CBT vs Counselling? Watch

Anonymous #1
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What is the difference, would it help to have both?
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Little Popcorns
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Cbt you actually engage in it and do tasks outside of sessions. Counselling you just talk at them and they bounce off ideas but mostly just listen.
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username861942
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(Original post by Anonymous)
What is the difference, would it help to have both?
They are different approaches. CBT looks at your thoughts and your actions and how they are linked. It helps you look at the evidence, which can help with anxiety and depression e.g you feel you are ugly so you avoid social contact because you fear getting rejected. CBT helps you look at the situation from an evidence point of view, so quite possibly, there is no evidence that you are ugly e.g you have had partners before, and it helps you look at alternative actions, so maybe you go out with your friend to somewhere relaxed.

Counselling is more talking about what is going on for you. They are much less likely to give advice, rather listen and support you, and help you come up with solutions.


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~Tara~
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There are many different types of counselling. Some therapists are quiet and don't do any tasks and some do tasks and set homework. Even CBT can be delivered in different ways.

CBT can work well with anxiety. It's often short term work but it doesn't go too much into how you're feeling and why. Other therapies can last longer depending on finding or where you get it. For example, sometimes you can only get 6 weeks in a school or uni but elsewhere you can get as long as you need.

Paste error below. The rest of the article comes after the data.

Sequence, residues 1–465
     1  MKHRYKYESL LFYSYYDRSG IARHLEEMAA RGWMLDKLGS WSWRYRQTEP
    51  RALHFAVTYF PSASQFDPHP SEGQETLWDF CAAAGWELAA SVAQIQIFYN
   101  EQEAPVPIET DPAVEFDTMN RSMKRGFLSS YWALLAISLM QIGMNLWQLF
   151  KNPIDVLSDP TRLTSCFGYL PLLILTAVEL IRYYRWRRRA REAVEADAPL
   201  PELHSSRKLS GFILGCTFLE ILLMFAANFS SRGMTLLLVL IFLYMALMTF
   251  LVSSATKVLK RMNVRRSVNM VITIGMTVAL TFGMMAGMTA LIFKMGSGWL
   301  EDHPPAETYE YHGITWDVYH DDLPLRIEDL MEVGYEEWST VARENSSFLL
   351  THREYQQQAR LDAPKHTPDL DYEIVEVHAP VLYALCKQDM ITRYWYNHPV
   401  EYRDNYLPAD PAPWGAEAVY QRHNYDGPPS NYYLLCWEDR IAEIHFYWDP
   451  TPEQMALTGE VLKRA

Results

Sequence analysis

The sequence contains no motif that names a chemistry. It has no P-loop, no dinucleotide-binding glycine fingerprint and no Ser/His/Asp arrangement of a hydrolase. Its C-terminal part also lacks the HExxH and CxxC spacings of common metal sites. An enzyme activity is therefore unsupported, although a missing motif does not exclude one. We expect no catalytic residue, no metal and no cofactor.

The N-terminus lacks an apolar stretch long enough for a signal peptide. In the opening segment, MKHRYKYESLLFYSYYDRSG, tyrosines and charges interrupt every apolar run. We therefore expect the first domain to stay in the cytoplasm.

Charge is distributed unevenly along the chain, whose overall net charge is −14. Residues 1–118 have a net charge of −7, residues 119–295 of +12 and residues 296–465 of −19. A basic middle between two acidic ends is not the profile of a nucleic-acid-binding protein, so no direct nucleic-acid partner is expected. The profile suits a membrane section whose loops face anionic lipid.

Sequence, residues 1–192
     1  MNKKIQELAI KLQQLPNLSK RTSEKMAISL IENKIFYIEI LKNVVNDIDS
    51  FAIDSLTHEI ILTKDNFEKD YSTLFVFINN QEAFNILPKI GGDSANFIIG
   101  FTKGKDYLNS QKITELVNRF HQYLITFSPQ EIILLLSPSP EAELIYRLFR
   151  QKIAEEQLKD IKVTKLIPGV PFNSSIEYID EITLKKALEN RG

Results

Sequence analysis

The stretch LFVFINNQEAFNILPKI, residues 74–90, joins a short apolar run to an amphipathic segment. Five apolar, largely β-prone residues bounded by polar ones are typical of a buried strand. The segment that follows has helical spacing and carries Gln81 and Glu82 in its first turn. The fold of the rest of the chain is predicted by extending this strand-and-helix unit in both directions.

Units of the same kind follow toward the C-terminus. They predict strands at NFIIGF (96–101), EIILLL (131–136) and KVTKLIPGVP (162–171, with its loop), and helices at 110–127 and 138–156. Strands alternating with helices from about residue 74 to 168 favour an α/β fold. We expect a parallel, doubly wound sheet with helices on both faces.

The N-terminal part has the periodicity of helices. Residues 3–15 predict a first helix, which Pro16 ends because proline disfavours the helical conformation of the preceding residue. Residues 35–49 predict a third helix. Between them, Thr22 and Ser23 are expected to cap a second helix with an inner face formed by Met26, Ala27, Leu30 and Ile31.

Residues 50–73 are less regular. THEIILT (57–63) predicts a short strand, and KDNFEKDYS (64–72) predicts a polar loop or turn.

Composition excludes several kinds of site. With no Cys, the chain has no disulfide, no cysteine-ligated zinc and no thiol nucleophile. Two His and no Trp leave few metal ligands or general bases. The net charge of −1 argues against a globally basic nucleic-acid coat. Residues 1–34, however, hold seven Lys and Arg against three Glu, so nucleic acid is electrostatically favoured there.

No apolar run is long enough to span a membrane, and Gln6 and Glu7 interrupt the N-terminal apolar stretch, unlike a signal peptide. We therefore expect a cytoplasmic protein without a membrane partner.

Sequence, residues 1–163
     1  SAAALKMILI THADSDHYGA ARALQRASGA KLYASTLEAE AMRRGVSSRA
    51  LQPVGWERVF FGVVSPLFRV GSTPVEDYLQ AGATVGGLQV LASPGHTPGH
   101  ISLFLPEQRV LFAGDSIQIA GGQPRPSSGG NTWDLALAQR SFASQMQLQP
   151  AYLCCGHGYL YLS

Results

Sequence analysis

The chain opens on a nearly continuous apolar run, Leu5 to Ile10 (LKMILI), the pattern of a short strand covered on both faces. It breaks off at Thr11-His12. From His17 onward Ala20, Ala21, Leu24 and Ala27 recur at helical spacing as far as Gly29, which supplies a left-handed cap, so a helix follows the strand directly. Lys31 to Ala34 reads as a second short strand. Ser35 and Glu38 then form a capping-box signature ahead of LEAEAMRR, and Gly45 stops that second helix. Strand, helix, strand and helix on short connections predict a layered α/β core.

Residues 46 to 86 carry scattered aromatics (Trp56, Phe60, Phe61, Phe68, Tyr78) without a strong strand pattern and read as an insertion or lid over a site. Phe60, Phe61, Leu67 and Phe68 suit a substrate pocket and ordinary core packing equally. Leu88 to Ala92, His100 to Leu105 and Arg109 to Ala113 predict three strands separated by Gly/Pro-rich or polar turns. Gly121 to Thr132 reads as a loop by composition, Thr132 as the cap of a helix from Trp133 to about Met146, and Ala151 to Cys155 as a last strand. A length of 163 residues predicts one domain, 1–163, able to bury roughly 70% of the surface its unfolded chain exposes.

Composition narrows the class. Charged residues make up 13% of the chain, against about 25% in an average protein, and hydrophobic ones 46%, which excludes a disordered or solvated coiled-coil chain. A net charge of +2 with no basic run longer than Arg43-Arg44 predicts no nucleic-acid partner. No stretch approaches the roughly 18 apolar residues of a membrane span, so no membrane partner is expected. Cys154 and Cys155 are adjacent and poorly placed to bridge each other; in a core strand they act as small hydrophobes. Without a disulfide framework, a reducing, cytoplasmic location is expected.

Personally I think it's worth trying one and seeing how you feel. But it's important to remember that not all therapists are the same. So if you don't like CBT because of the therapist, it's worth trying CBT with a different one.
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tinkerbelle2
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The above posters have all summarised both of them really well but would just like to add I've had both CBT and counselling and found both to be equally helpful and beneficial! You could always try one and if you aren't keen could try the other?

I'd fully recommend both. Whilst I'm not one hundred percent "cured" from my anxieties, the hold they have over me is much less!
I also like the idea of hypnotherapy and also a mindfulness and meditation workshop!
Good luck!


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Kindred
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(Original post by Anonymous)
What is the difference, would it help to have both?
People here have done a pretty good job explaining them both, but i'll see what I might be able to add.

Counseling is a little different depending on who you see but basically it's just talking. They can't relly give you oppintions or advice and just guide you in your own talking and thinking.
I personally had a bad experience with counseling so i'm not a huge fan, but I think others do find it helpful. I think it would be more useful as a side to actua, l therapy in most cases though since they can't do much other than talk.